CAPE TOWN: On 31 August, Sea Harvest Group announced a stable set of interim results for the six months ended 30 June 2020 with a 7% increase in revenue to R2 billion and headline earnings of 61 cents per share, in line with the same period last year. This is despite the worst pandemic experienced in over a century. The Group’s results were driven by consistent performances from its South African fishing segment, the Cape Harvest Food Group segment (which, inter alia, produces South African cheese and other dairy products) and its Australian operations, which were, however, offset by continued challenges in the Aquaculture segment that was severely impacted by the effects of Covid-19.
Sea Harvest Group Chief Executive Officer, Felix Ratheb, said that, while Sea Harvest continued operating as an “essential service” provider, the impact of the pandemic and the COVID-19 lockdowns in the markets in which the Group operates meant that it did so below normal capacity levels. He explained that the Group needed to adapt to market conditions globally by changing its product and market mix relatively quickly with a focus on retail, as out-of-home consumption declined to virtually zero worldwide, which proved the resilient and defensive nature of the business and the sectors in which it operates. Unfortunately, the aquaculture business that supplies abalone to the foodservice industry in Asia, particularly Hong Kong, suffered a devastating impact as a result of COVID-19, compounded by the grounding of almost all air travel during the various lockdowns.
The Group CEO stated that despite the supply chain side of the business also having its fair share of challenges with increased absenteeism, lower levels of efficiency and productivity, compounded by logistical bottlenecks, he is incredibly proud that Sea Harvest was able to balance supply with demand.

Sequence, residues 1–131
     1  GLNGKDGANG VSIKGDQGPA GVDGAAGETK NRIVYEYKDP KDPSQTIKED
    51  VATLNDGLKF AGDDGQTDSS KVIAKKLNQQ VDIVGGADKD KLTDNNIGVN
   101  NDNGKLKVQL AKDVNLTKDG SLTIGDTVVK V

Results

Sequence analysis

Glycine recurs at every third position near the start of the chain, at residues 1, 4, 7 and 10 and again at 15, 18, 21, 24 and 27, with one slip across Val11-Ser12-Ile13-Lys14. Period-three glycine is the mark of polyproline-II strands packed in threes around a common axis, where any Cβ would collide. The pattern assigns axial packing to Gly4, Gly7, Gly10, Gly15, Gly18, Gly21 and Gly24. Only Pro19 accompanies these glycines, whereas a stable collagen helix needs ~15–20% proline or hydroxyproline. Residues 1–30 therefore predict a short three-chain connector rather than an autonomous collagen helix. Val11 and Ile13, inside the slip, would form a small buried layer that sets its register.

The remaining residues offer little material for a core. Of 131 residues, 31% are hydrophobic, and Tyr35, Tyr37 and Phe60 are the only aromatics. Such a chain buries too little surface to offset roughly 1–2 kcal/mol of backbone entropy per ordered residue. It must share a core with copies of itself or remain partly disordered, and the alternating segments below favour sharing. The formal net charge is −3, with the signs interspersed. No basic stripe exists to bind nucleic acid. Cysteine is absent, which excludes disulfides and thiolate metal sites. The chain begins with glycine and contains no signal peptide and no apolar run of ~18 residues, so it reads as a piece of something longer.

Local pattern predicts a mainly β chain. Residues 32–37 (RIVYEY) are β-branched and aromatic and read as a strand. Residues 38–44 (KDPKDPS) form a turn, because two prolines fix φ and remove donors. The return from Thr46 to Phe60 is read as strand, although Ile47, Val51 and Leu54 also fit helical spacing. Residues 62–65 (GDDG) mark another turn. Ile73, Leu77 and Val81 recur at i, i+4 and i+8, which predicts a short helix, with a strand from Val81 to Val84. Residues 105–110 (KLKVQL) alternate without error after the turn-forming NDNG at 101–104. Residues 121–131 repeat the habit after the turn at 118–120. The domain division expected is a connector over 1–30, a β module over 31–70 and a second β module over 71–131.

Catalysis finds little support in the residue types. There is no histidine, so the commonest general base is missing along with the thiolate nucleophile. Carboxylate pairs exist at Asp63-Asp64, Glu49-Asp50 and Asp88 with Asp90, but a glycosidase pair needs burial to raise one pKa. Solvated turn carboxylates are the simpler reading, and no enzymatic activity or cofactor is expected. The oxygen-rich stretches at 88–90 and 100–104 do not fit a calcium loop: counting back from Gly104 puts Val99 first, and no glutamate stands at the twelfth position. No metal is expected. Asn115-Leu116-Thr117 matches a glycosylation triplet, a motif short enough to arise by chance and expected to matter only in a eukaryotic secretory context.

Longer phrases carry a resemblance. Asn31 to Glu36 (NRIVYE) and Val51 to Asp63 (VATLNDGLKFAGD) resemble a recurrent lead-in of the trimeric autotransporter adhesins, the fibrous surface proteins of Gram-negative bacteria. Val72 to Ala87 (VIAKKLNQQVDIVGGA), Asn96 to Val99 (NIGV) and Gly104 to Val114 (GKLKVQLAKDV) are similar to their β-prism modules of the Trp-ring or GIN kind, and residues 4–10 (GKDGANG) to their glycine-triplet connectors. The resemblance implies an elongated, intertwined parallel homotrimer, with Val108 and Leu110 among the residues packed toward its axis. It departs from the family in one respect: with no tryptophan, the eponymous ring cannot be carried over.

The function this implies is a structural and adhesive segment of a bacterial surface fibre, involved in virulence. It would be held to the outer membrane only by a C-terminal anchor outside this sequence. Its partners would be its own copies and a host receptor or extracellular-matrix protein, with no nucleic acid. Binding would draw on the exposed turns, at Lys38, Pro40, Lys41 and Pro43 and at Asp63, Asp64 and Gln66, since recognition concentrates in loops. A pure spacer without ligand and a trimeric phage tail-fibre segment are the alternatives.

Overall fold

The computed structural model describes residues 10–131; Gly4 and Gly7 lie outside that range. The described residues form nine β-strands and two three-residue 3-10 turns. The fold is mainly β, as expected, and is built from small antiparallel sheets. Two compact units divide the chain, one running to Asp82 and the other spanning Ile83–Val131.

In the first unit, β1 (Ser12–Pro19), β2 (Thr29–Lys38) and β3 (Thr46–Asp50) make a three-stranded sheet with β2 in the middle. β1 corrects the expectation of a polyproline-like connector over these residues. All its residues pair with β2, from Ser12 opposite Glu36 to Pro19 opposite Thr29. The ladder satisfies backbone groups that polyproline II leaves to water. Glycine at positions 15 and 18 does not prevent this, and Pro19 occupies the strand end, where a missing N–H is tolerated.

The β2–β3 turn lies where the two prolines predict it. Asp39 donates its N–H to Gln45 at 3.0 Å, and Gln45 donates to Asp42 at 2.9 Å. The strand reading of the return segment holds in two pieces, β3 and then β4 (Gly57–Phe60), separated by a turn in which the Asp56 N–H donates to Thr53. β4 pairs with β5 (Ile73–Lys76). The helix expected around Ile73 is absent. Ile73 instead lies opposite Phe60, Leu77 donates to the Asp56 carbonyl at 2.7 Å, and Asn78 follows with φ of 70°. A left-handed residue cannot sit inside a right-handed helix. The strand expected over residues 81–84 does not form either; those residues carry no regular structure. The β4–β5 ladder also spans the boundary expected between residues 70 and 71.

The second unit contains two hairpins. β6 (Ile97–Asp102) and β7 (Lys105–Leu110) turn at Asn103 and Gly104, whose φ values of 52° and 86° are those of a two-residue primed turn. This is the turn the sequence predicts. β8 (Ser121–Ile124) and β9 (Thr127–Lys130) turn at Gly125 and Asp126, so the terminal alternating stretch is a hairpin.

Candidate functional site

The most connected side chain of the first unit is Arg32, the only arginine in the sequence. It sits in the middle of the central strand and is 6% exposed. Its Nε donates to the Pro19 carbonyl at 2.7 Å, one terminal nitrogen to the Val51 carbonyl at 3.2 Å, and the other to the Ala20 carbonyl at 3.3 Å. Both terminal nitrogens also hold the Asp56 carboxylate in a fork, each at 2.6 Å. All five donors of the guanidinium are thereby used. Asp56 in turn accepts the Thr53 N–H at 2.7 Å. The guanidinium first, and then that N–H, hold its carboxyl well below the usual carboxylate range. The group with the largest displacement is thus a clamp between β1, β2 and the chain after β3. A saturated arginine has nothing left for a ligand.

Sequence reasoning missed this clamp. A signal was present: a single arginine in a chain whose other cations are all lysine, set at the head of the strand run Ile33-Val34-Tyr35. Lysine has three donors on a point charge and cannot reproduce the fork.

Sea Harvest began implementing COVID-19 protocols in early March and dedicated significant resources to ensure the safety of its staff and limit the spread of the virus at its operations. This included over 15,000 screenings across all its sites, erecting physical barriers to ensure adequate social distancing and initiating an extensive contact-tracing prevention strategy to curb the spread of the virus at its facilities across the Western Cape. By the end of August, the Group had spent R16m on COVID-19 initiatives in its South African operations with an ongoing cost of c.R4m per month allocated to fight the virus for the remainder of 2020.
According to Ratheb, despite stringent measures being put in place to prevent the virus from entering Sea Harvest’s workplaces, as with all companies across South Africa, once there were outbreaks within communities where the operations were located, this manifested itself at some of the operating sites. At the time of announcing the H1 results, the company had a 100% recovery rate and delivered more than 10,000 food relief packages to benefit its staff and the communities it serves.
The Group is adopting a cautious outlook for the remainder of 2020.